Effect of Ethanol Administration on Tear film and ocular surface Young Joo Shin1,Joo Hyun Kim1, Jung Ha Kim2, Woo Ho Nam1, Kayoung Yi1, Joon Young Hyon3, 1Department of Ophthalmology, Hallym University College of Medicine, Seoul, Korea 2Department of Family Medicine, Chung-ang University College of Medicine, Seoul, Korea 3Department of Ophthalmology, Seoul National University College of Medicine, Seoul, Korea The authors have no finantial interest in the subject matter of this poster
Introduction • The mechanisms of ethanol absorption, distribution, metabolism, and elimination are well known.1 The majority of ingested alcohol (90%–98%) is metabolized in the liver. Alcohol is reportedly excreted in the breath, sweat, and urine.1 Alcohol has been associated with many systemic diseases, including gout2 and fatty liver,3 as well as with an increased prevalence of cataracts4 and age-related macular degeneration.5 • However, there has been no study about the effect of alcohol consumption on dry eye syndrome.
Purpose • In the present study, we investigated whether oral alcohol consumption disturbs the tear film and ocular surface in humans.
Methods • Subjects • Our experiments were carried out with 10 healthy male volunteers between 20 and 25 years of age. The decisive criterion for inclusion in the study was a normal body mass index (BMI) of 20 to 25. • The medical history interview and physical examination revealed no indication of liver disease, history of ophthalmic surgery, or dry eye symptoms within the previous 6 months. The subjects were neither on medication nor on eye drops. • The protocol was approved by the Institutional Review Board of the Hallym University Medical Center. All subjects signed an informed consent form before starting the study. • Testing protocols • The experiments began at 6 pm. • Each subject received a drink (Soju, 19.5% ethanol; a popular Korean drink) with a meal at 8 pm. The drinks were offered in a measured quantity (0.75 g/kg) to prevent uncontrolled alcohol consumption. • The drinking time was set at 2 h. The subjects went to bed at midnight. They were not allowed to wash up nor apply eye drops. The subjects woke at 6 am and underwent the same examinations immediately and 2 h after waking. • First, the subjects were evaluated for signs and symptoms of dry eye by tear osmolarity, visual analog pain scale (VAS), Schirmer’s tear test with anesthesia, tear film break-up time (TBUT), ocular surface staining, Ocular Surface Disease Index (OSDI), and corneal sensation at baseline. Tear and blood sampling, Schirmer’s test, TBUT, corneal sensitivity measurement, and fluorescein staining were performed by the same investigator (JHK) within 1 h from the preset time.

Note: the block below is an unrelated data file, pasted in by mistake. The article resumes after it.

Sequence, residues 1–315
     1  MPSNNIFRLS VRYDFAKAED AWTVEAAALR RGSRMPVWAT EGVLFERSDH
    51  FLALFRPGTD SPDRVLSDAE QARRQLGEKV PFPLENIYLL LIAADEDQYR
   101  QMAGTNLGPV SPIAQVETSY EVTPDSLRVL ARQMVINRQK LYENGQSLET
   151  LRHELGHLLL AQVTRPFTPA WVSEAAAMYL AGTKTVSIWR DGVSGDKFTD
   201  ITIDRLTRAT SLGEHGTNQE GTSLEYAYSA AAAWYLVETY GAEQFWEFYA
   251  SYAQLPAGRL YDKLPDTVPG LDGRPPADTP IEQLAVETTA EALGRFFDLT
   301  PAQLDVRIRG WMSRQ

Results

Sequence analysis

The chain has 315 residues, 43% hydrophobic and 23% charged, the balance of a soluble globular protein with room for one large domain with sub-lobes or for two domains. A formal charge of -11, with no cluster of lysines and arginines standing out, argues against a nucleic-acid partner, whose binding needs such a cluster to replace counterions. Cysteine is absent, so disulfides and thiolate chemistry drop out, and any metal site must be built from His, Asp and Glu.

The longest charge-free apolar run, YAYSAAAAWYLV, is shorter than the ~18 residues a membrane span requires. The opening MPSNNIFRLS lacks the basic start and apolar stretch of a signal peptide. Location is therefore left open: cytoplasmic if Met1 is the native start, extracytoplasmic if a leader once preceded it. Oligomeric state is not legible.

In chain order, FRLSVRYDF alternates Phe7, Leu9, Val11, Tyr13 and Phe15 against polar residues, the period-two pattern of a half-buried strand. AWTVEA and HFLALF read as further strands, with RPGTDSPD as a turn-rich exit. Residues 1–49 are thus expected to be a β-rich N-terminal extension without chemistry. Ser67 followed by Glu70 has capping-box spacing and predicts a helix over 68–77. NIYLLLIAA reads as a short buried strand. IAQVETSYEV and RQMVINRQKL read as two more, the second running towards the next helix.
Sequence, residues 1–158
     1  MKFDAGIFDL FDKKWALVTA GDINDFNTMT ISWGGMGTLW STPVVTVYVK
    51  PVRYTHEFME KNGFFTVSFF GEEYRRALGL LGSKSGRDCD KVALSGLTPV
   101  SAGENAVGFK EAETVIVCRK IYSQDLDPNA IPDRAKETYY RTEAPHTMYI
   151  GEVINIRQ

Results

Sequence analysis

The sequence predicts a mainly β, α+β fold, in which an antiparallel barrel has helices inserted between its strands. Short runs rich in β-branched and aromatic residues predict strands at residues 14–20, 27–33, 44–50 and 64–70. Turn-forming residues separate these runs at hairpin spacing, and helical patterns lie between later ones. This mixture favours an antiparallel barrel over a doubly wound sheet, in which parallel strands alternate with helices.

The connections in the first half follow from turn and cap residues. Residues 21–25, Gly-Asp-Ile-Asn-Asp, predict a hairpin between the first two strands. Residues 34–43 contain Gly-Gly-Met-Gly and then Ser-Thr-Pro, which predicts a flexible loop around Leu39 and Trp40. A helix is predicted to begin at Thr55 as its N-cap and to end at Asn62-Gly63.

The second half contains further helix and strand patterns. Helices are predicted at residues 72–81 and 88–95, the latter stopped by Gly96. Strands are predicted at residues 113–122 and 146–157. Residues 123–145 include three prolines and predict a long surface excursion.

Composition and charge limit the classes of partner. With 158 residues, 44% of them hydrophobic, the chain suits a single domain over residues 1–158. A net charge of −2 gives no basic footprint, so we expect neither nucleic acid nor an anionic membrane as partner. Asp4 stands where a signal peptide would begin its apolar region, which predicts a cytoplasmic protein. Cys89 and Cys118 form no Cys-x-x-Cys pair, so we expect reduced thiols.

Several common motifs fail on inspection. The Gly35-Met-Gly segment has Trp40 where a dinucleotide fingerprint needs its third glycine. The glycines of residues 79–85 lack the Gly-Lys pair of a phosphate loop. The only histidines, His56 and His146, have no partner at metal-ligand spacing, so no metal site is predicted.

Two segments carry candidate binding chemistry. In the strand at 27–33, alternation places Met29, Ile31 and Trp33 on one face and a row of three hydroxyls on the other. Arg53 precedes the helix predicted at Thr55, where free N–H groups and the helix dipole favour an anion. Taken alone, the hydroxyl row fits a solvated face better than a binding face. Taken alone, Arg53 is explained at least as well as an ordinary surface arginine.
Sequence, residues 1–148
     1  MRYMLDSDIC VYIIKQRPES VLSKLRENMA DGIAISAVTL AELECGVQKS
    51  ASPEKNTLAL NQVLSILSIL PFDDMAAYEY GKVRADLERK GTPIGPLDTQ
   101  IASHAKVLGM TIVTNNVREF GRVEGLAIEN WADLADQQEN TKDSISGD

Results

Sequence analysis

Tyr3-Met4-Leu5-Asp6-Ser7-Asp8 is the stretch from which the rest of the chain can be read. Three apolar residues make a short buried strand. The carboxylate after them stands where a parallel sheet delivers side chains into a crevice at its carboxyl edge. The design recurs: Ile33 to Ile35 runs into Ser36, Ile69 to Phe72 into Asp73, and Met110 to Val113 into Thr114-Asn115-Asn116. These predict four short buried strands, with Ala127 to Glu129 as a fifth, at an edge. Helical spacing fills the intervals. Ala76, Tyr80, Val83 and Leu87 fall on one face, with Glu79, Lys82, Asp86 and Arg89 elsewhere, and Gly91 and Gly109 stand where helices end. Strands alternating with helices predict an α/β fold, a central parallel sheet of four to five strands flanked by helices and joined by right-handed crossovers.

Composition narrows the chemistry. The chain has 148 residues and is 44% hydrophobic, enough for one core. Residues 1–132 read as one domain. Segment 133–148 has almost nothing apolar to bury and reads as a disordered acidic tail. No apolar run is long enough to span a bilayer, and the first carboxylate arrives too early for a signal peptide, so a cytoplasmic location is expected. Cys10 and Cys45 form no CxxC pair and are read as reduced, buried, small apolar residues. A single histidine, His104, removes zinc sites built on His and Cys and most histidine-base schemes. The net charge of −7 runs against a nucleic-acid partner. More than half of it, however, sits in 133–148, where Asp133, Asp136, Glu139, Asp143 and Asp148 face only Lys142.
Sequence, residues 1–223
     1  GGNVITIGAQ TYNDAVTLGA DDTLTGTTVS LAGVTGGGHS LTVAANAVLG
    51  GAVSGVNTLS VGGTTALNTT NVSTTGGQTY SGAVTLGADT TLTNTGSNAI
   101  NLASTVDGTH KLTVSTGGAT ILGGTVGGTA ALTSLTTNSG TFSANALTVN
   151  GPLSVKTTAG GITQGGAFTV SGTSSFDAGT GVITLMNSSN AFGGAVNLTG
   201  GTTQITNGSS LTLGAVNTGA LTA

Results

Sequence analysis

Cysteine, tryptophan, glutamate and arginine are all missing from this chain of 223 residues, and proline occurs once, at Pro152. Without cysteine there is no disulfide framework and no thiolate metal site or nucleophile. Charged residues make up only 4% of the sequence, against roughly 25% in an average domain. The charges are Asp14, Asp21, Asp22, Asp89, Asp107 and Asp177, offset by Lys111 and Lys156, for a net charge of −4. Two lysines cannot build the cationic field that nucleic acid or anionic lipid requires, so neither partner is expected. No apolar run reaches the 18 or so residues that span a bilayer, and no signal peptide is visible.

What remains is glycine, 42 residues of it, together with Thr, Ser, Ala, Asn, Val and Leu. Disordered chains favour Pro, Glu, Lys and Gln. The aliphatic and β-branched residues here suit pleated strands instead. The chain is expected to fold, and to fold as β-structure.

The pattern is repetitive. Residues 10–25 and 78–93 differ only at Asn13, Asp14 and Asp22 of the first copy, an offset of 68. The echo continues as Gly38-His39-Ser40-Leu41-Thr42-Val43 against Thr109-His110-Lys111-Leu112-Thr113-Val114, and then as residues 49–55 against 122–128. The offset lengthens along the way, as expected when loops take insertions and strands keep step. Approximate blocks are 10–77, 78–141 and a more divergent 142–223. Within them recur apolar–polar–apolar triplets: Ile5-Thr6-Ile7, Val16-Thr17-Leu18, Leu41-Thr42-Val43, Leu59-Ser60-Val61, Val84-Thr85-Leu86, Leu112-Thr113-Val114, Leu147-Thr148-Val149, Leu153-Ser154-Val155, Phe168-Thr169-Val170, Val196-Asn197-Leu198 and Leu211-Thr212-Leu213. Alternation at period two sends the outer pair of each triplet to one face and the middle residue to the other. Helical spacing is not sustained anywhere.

Tear osmolarity measurement • A microcapillary glass tube (Marienfeld, Lauda-Königshofen, Germany). • Tear and serum ethanol concentration measurements • tears : using an ethanol assay kit (BioVision, Mountain View, CA, USA). • serum : using the Cobas Integra 800 (Roche, Berlin, Germany) for the diagnostic reagent (EtOH2, Roche, Berlin, Germany). • Schirmer’s tear test • VAS • The scale range was 0 (absence of pain) to 10 (maximal pain). • TBUT • Fluorescein staining • The corneal surface was divided into 5 areas (1 center zone and 4 peripheral zones). Fluorescein staining was performed as previously described. After staining, corneal erosion staining was recorded using a standardized grading system of 0 to 3 for each of the 5 areas.8 • Measurement of corneal sensitivity • using a Cochet-Bonnet esthesiometer (Luneau, Chartres, France). • Statistical analysis • Analyses were performed with SPSS software, version 12.0K (SPSS Inc., Chicago, IL, USA). • The Wilcoxon signed rank test was used to compare tear film and ocular surface changes. A p value of <0.05 was considered to be statistically significant.
Results Characteristics of the subjects at baseline
VAS Schirmer test and corneal sensitivity
Conclusions • Oral alcohol administration induced a transient dry eye syndrome in healthy individuals. • This suggests that alcohol aggravates symptoms and signs of dry eye syndrome, and can serve as a tear lipid-layer–deficient dry eye model. • This study is preliminary. Further study about cytokine alteration, as well as prevention and treatment of dry eye syndrome induced by alcohol administration, is necessary.